had believed that he would be welcomed with open arms and that
the local clergy would shower them with magnolia blooms. Waiting
for him was Texas-born General Ignacio Zaragoza under orders
from President Juarez to defend the city with a much smaller
force of 2,000 troops, along with Puebla citizens who brought
their own farm tools as weapons. Brigadier General Porfiro Diaz,
destined to later become president of Mexico, took his cavalry
out to engage the French horsemen and eliminate them. The bulk
of the invading force attacked across a battlefield made muddy
by a recent thunderstorm and were met by hundreds of stampeding
cattle stirred up by Indians armed with only their machetes.
When it was over two hours later, the French withdrew and La
Batalla de Puebla, the battle of Puebla, became a spark that
ignited Mexican pride from that day, Cinco de Mayo, to the present.
One year later, the French brought in reinforcements and this
time made their way to take the capital of Mexico City and install
Emperor Maximilian of Hapsburg as the reining monarch of Mexico.
President Juarez fled north to establish a provisional government
in various parts of Mexico. His loyalist troops did manage to
keep the French at bay long enough to prevent them from supporting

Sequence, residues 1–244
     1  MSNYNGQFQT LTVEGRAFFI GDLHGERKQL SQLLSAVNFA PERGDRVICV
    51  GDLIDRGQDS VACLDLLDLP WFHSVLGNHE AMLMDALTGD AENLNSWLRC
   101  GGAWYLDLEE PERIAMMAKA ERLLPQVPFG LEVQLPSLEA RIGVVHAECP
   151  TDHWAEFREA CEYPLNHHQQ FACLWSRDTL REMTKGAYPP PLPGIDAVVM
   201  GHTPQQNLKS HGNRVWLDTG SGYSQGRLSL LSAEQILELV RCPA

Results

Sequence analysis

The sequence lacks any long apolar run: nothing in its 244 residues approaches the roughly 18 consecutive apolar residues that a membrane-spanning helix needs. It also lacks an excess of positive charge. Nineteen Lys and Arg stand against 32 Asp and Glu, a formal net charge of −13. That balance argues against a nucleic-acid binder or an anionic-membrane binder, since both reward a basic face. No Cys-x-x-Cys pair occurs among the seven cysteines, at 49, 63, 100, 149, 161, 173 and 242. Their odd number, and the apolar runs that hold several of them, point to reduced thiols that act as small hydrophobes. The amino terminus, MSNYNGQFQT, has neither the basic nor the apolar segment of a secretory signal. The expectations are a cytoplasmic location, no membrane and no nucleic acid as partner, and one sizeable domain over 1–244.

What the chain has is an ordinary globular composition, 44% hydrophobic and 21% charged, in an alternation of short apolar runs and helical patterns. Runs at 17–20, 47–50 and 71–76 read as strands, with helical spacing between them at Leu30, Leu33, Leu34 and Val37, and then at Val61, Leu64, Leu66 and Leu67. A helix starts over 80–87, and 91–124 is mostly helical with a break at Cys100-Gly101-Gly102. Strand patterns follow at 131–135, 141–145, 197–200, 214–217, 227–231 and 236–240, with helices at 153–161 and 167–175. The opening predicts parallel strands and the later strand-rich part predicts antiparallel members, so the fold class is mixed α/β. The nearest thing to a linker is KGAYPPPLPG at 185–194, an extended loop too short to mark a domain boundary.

the Confederate States in the U.S. Civil War. With the North
and South reunited, Lincoln ordered the French out of Mexico
and sent a military force to the Texas/Mexican border under General
Phil Sheridan. Napoleon potentially faced 2 million battle hardened
U.S. veterans if he persisted in the occupation of Mexico. In
early 1867, Napoleon made the decision to withdraw his troops.
Maximilian surrendered his Mexican Imperial Army on May 15. The
sovereignty of Mexico was returned to the Mexicans.
So, if Cinco de Mayo really celebrates the victory of Mexico
in the battle of Puebla on May 5, 1862, then what is Mexico's
Independence Day? It is September 16, 1810. On that day, Father
Miguel Hidalgo y Costilla issued a proclamation that united many
different local rebellions into one cohesive struggle, which
eventually led to Mexico's actual independence from Spain in
Books of Interest:
Cinco de Mayo by Sarah Vasquez; Sarah Vazquez. Introduces
the customs and practices of this Mexican holiday. Good book
to introduce children to Cinco de Mayo.
Viva Mexico! The Story of Benito Juarez and Cinco de Mayo
by Argentina Palacios, Howard Berelson, and Alex Haley. A
biography of the Zapotec Indian who grew up to become the President
of Mexico and lead his country in a war for independence.
The Latino Holiday Book From Cinco de Mayo to Dia de Los
Muertos: The Celebrations and Traditions of Hispanic-Americans
by Valerie Menard. Authoritative and beautifully designed, "The
Latino Holiday Book" discusses each holiday's religious
or social history, typical customs, and special foods or activities,
and gives recipes or instructions for making authentic foods
and crafts that represent that day's traditions.
Mexican Independence Day and Cinco de Mayo by Diane
MacMillian. Provides background on the people and events that
are commemorated on two important Mexican holidays, Independence
Day and Cinco de Mayo, and describes how these holidays are celebrated.